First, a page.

struggle continued until near the break of day, when the stranger placed
his finger upon Jacob's thigh, and he was crippled instantly. The
patriarch now discerned the character of his antagonist. He knew that he
had been in conflict with a heavenly messenger, and this was why his
almost superhuman effort had not gained the victory. It was Christ,
"the Angel of the covenant," who had revealed Himself to Jacob.
The patriarch was now disabled and suffering the keenest pain, but he
would not loosen his hold. All penitent and broken, he clung to the Angel;
"he wept, and made supplication" (Hosea 12:4), pleading for a
blessing. He must have the assurance that his sin was pardoned. Physical
pain was not sufficient to divert his mind from this object. His
determination grew stronger, his faith more earnest and persevering, until
the very last. The Angel tried to release Himself; He urged, "Let Me
go, for the day breaketh;" but Jacob answered, "I will not let
Thee go, except Thou bless me." Had this been a boastful,
presumptuous confidence, Jacob would have been instantly destroyed; but
his was the assurance of one who confesses his own unworthiness, yet
trusts the faithfulness of a covenant-keeping God.
"had power over the Angel, and prevailed." Hosea 12:4. Through
humiliation, repentance, and self-surrender, this sinful, erring mortal
prevailed with the Majesty of heaven. He had fastened his trembling grasp
upon the promises of God, and the heart of Infinite Love could not turn
away the sinner's plea.
that had led to Jacob's sin in obtaining the birthright by fraud was now
clearly set before him. He had not trusted God's promises, but had sought
by his own efforts to
bring about that which God would have accomplished
in His own time and way. As an evidence that he had been forgiven, his
name was changed from one that was a reminder of his sin, to one that
commemorated his victory. "Thy name," said the Angel,
"shall be called no more Jacob [the supplanter], but Israel: for as a
prince hast thou power with God and with men, and hast prevailed."
received the blessing for which his soul had longed. His sin as a
supplanter and deceiver had been pardoned. The crisis in his life was
past. Doubt, perplexity, and remorse had embittered his existence, but now
all was changed; and sweet was the peace of reconciliation with God. Jacob
no longer feared to meet his brother. God, who had forgiven his sin, could
move the heart of Esau also to accept his humiliation and repentance.
was wrestling with the Angel, another heavenly messenger was sent to Esau.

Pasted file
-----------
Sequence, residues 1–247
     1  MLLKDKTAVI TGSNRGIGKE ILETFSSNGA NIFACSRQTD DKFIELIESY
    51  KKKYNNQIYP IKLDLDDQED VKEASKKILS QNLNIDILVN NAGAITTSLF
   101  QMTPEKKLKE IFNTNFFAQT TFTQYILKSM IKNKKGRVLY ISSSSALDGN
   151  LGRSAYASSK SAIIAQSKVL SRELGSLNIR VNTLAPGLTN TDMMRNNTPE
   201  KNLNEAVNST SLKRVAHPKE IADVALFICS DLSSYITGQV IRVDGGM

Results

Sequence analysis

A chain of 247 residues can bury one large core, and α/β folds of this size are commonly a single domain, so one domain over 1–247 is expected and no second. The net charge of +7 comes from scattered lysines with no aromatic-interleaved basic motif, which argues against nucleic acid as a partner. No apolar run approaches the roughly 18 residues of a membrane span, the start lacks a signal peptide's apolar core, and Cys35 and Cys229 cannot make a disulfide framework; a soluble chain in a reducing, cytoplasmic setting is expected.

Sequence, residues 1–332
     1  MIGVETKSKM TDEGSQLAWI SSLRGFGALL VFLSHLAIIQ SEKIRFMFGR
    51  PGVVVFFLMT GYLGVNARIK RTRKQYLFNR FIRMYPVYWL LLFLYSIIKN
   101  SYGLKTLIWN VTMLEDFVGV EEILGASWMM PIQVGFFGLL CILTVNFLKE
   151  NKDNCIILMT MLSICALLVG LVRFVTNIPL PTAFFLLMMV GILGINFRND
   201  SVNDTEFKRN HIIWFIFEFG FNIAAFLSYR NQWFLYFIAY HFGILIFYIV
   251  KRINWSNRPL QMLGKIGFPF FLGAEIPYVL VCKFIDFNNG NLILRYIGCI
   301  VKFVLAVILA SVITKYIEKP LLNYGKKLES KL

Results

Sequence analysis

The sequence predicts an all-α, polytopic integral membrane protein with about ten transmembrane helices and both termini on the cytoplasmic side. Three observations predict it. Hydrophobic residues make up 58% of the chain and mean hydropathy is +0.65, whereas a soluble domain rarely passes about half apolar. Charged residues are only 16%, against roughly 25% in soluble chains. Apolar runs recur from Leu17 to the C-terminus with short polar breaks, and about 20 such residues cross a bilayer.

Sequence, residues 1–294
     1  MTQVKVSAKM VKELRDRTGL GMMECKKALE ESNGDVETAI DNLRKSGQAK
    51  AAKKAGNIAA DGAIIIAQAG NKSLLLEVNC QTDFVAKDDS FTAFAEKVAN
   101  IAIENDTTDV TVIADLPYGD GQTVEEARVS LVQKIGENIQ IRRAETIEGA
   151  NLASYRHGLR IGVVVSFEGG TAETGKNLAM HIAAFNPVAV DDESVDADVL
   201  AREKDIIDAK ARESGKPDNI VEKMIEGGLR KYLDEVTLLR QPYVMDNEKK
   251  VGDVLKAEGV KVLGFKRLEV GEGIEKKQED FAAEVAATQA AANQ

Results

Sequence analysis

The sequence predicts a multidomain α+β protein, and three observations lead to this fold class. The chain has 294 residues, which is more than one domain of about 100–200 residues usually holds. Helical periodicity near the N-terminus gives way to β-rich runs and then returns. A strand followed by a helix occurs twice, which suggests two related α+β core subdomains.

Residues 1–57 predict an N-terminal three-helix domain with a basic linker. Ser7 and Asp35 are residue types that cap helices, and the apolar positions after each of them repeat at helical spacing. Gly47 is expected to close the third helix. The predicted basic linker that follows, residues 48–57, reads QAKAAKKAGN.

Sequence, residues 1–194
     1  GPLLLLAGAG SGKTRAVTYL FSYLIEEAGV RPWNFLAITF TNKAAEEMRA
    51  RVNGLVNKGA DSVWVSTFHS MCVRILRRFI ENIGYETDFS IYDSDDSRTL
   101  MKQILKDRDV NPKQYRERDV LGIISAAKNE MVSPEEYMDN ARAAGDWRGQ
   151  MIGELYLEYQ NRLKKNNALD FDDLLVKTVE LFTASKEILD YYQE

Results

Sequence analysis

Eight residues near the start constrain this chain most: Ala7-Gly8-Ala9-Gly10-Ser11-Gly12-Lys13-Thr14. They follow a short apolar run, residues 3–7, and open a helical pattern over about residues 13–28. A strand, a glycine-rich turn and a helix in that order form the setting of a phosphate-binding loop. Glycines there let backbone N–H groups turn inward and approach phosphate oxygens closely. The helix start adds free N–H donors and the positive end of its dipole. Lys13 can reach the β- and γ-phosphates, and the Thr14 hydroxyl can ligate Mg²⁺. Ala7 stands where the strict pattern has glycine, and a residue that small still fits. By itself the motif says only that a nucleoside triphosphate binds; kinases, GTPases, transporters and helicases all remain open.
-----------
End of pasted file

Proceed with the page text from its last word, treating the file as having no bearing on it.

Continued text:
In a dream, Esau beheld his brother for twenty years an exile from his
father's house; he witnessed his grief at finding his mother dead; he saw
him encompassed by the hosts of God. This dream was related by Esau to his
soldiers, with the charge not to harm Jacob, for the God of his father was
companies at last approached each other, the desert chief leading his men
of war, and Jacob with his wives and children, attended by shepherds and
handmaidens, and followed by long lines of flocks and herds. Leaning upon
his staff, the patriarch went forward to meet the band of soldiers. He was
pale and disabled from his recent conflict, and he walked slowly and
painfully, halting at every step; but his countenance was lighted up with
joy and peace.
At sight of
that crippled sufferer, "Esau ran to meet him, and embraced him, and
fell on his neck, and kissed him: and they wept." As they looked upon
the scene, even the hearts of Esau's rude soldiers were touched.
Notwithstanding he had told them of his dream, they could not account for
the change that had come over their captain. Though they beheld the
patriarch's infirmity, they little thought that this his weakness had been
made his strength.
In his night
of anguish beside the Jabbok, when destruction seemed just before him,
Jacob had been taught how vain is the
help of man, how groundless is all
trust in human power. He saw that his only help must come from Him against
whom he had so grievously sinned. Helpless and unworthy, he pleaded God's
promise of mercy to the repentant sinner. That promise was his assurance
that God would pardon and accept him. Sooner might heaven and earth pass
than that word could fail; and it was this that sustained him through that
experience during that night of wrestling and anguish represents the trial
through which the people of God must pass just before Christ's second
coming. The prophet Jeremiah, in holy vision looking down to this time,
said, "We have heard a voice of trembling, of fear, and not of peace.
. . . All faces are turned into paleness. Alas! for that day is great, so
that none is like it: it is even the time of Jacob's trouble; but he shall
be saved out of it." Jeremiah 30:5-7.
shall cease His work as mediator in man's behalf, then this time of
trouble will begin. Then the case of every soul will have been decided,
and there will be no atoning blood to cleanse from sin. When Jesus leaves
His position as man's intercessor before God, the solemn announcement is
made, "He that is unjust, let him be unjust still: and he which is
filthy, let him be filthy still: and he that is righteous, let him be